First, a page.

Typhoid is an all too common disease in India, where it is highly endemic and inflicts a significant public health burden. According to the latest estimates from the Global Burden of Disease Study, in 2016, India had 6.6 million cases and more than 66,000 deaths, 56 percent of which were among children younger than 15 years old. India alone bears the brunt of more than half the world’s typhoid burden. Thankfully, we have a new tool—a typhoid conjugate vaccine (TCV)—that has been prequalified and recommended by the World Health Organization (WHO) for use in endemic countries to prevent typhoid illness. Unlike the previous typhoid vaccines, TCV can be given to children as young as 6 months and only requires a single dose, providing longer-lasting protection at an earlier age.
In an effort to protect children from typhoid, the Navi Mumbai Municipal Corporation (NMMC) took a landmark decision to be the first in the world to introduce TCV into its immunization program, in two phases. NMMC launched the first phase of the TCV vaccination campaign in July with the WHO-recommended and prequalified vaccine—Typbar TCV®. While Typbar TCV has been available in the Indian private market since its licensure in 2013, the cost is too expensive for many families especially for those at risk of typhoid. This campaign marked the first public-sector introduction of TCV globally and aimed to vaccinate approximately 320,000 children aged 9 months to under 15 years in two phases. Bharat Biotech International Limited, the manufacturer of Typbar TCV, donated 100,000 doses to NMMC. Several organizations, including WHO-India (National Polio Surveillance Project – NPSP), the US Centers for Disease Control and Prevention (CDC), Indian Council of Medical Research (ICMR), Stanford University, the International Vaccine Institute (IVI), Grant Government Medical College (GGMC), and hospitals in Navi Mumbai, established a multipartner collaboration for various monitoring and evaluation components.
The planning and implementation of the vaccination campaign was conducted by NMMC with support from WHO-India NPSP, CDC, the Ministry of Health and Family Welfare – Government of India, Government of Maharashtra, and the private sector in Navi Mumbai (leading pediatricians, general practitioners, clinics and hospitals)—all working together toward a common goal of protecting children from typhoid. Prior to the start of the campaign, workshops and trainings were conducted for all medical officers, pediatricians, and the entire staff of the urban primary health centers (UPHCs). NMMC leadership also conducted social mobilization activities including distribution of pamphlets and information booklets, and media briefings and updates. Overall, 1,210 vaccination booths were set up across 11 UPHCs in hospitals, clinics, schools, and other designated locations, aiming to vaccinate children on weekends and public holidays from July 14 through August 25. The campaign also received wide support from private practitioners, particularly from the Indian Academy of Pediatrics (IAP) Navi Mumbai chapter—an excellent example of public-private partnership.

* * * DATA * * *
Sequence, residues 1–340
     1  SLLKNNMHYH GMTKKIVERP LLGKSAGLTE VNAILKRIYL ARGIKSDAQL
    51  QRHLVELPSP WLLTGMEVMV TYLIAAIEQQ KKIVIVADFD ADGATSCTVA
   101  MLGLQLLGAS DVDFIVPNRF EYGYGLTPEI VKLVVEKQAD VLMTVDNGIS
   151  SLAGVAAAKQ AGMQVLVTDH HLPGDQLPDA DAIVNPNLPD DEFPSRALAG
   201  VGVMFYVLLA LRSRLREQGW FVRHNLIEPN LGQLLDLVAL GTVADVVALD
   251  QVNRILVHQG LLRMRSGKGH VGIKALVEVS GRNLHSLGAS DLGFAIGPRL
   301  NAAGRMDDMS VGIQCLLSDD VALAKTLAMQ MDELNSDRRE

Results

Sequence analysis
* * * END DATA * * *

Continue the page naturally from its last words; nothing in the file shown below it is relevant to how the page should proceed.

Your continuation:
The first phase, completed in August, vaccinated more than 113,000 children in 11 UPHCs; the second phase of the campaign will be conducted in 2019 in the remaining 11 UPHCs. The campaign was well received by the community with high demand in some areas. Local ownership and leadership by NMMC and the private sector, tremendous efforts by all UPHC staff, and facilitation by WHO-India NPSP officers played a crucial role in the successful implementation of the campaign.
As the overall project lead at CDC, I feel proud of this initiative that we championed with NMMC, WHO-India NPSP, and all partners. Now that the first phase of vaccination is complete, we are continuing to conduct post-implementation evaluations for safety, coverage, effectiveness, cost-effectiveness and impact, while also preparing for the second phase of the campaign that will occur next year. We are hopeful that data from this campaign will demonstrate the real impact that TCVs can have in reducing the burden of typhoid and help to inform country-level decision-making for the introduction of TCV into national immunization programs in India and globally.
Photo Credit: Dr. Arun Katkar, WHO-India NPSP